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Pond Foods and Feeding

Proudly brought to you by our partner, TFH Magazine
Author:Maddy Hargrove
Everyone loves pond fish. A tremendous amount of joy can be gained from watching koi, goldfish, and other pond species living happily in a naturalistic environment. And ponds are easier than ever to build and maintain with all the choices offered by manufacturers in today’s market, and many hobbyists who do not have the yard space, or don’t live in a climate suited to an outdoor setup, even build indoor ponds.
 
Putting together a pond these days is a snap, but if you want your fish to remain healthy and happy, you need to make sure they have all of their nutritional requirements furnished through a proper diet. There are a wide variety of foods to choose from, so it is time to take a closer look at how and what you should feed your aquatic pond pets.
 
Fish in a garden pond can live on foods like plankton, floating pond plants, and the tiny roots of pond plants floating in the water, as well as the larvae of insects, worms, and other small animals. Unfortunately a natural food supply is not always perfect or abundant year-round, so your pond fish will need to be fed with commercial fish food. Feeding fish in the pond can be one of life’s greatest joys each day, when all of your fish surface from even the deepest levels of the water to eagerly feed.
 
There is no need to overfeed your pond fish simply because they are usually bigger than standard aquarium species, however. In fact, one day of fasting every week will help keep their digestive systems regular. Do not toss a ton of food into your pond, because that may leave leftover bits floating for a long time on the water. This will add unwanted nutrients into the water that can cause an increase in algae, as well as draw raccoons and other predators, and it will foul the water. If you know the basics, fish feeding in a pond can provide many hours of pleasure to both the young and old, and it will also offer an interesting glimpse into the lives of your aquatic pets.
 
Not All Foods Are Created Equal

When it comes to pond food, all the products are not the same. Manufacturers have recently taken great strides in producing foods that take into consideration your pond fish’s health, age, size, metabolic changes, seasonal changes, and spawning requirements. Pond fish need a balanced diet just like humans. If you ate nothing but steak every day, you would have problems; likewise, your fish will have problems if they eat the same thing without variation. To understand the basics of feeding, you need to know what your fish require in order to remain healthy and disease-free, and for them to achieve their maximum growth potential. Our pets always deserve the very best we have to offer, and pond fish are no exception.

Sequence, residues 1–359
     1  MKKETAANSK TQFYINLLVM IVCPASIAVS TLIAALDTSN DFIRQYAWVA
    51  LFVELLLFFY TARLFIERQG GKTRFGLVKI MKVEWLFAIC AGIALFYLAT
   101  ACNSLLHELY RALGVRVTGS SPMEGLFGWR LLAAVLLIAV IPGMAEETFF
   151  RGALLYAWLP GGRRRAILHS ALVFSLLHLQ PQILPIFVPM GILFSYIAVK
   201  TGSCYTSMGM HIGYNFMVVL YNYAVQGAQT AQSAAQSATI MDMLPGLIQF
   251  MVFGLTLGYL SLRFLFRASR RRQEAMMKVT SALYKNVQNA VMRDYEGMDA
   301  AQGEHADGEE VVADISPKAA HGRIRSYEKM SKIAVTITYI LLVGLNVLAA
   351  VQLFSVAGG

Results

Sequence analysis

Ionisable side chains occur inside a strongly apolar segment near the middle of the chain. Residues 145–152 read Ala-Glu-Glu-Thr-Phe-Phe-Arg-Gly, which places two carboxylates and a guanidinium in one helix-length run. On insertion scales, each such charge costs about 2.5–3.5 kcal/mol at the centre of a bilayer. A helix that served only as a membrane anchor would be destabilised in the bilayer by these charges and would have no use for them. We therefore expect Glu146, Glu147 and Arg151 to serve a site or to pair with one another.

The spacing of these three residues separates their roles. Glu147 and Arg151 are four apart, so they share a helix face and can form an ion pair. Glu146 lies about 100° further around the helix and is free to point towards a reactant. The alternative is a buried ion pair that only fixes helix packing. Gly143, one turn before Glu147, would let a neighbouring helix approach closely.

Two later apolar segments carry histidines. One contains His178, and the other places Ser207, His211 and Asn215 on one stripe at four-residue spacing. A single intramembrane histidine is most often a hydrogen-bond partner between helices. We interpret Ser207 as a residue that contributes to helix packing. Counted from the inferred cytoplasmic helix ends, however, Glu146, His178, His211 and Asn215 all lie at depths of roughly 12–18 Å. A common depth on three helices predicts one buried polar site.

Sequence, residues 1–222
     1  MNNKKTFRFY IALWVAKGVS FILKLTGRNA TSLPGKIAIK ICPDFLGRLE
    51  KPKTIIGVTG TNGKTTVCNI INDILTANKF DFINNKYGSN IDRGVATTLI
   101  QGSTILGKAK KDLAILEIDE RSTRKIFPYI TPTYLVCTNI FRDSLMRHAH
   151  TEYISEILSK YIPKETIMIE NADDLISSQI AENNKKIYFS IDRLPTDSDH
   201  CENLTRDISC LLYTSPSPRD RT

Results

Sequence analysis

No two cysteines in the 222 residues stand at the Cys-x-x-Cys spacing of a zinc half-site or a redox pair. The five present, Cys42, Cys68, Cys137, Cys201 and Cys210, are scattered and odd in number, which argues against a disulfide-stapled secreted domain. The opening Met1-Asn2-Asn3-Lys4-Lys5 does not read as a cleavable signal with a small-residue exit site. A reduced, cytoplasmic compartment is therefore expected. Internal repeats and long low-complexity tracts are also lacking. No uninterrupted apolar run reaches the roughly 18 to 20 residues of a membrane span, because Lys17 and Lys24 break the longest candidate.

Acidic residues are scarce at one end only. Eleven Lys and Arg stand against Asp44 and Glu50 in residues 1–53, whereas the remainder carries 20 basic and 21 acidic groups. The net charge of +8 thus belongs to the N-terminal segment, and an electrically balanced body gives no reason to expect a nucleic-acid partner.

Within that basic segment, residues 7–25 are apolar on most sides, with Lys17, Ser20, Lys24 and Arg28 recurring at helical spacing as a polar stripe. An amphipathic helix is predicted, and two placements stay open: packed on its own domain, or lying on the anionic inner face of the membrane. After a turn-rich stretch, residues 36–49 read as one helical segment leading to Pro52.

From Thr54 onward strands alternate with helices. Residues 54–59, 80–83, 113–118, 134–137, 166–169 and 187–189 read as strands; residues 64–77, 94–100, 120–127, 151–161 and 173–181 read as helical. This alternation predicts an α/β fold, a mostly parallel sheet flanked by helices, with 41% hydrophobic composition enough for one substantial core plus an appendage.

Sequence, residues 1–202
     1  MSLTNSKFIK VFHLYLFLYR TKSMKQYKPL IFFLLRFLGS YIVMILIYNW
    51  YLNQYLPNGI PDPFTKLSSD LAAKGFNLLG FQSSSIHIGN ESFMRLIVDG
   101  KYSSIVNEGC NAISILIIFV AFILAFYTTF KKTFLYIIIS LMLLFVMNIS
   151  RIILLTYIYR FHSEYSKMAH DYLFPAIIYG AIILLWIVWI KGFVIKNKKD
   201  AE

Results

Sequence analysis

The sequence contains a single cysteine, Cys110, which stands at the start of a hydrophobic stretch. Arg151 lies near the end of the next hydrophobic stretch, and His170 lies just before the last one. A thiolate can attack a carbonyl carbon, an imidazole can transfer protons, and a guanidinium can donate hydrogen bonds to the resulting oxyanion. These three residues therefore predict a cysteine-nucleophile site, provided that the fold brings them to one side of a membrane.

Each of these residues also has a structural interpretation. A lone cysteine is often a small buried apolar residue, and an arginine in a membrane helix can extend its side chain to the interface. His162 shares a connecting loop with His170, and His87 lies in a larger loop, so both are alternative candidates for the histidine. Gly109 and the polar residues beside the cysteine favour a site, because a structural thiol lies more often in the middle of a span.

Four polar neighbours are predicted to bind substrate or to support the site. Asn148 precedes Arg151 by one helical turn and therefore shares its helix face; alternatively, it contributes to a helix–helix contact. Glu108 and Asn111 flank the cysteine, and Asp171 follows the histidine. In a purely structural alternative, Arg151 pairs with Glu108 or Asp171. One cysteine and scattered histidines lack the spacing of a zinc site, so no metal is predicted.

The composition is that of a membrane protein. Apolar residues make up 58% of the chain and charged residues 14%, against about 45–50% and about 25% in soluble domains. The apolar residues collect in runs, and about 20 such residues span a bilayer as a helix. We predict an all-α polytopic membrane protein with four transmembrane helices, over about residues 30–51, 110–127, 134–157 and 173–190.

Feeding Guidelines

One good rule of thumb for pond species such as goldfish and koi is to feed them once or twice per day an amount small enough so that they can quickly eat all of it. Make sure that your pets devour most of the food, and do not feed more than they can consume in a few minutes. Always feed your fish near the same area of the pond at a consistent time so they will come to you to eat. By doing this you will be able to regularly check your fish for disease and other problems as they happily munch away. As mentioned previously, it never hurts to avoid feeding them one day a week.
Feeding should be maintained when the pond water remains between 50° to 85°F, but the food offered depends on where the temperature is in this range. When the water temperature drops below 50° to 55°F, the fish’s metabolism is too slow to utilize food. When the temperature soars above 85°, the fish’s metabolism also slows and dissolved oxygen in the water is extremely limited, so feeding should be reduced greatly.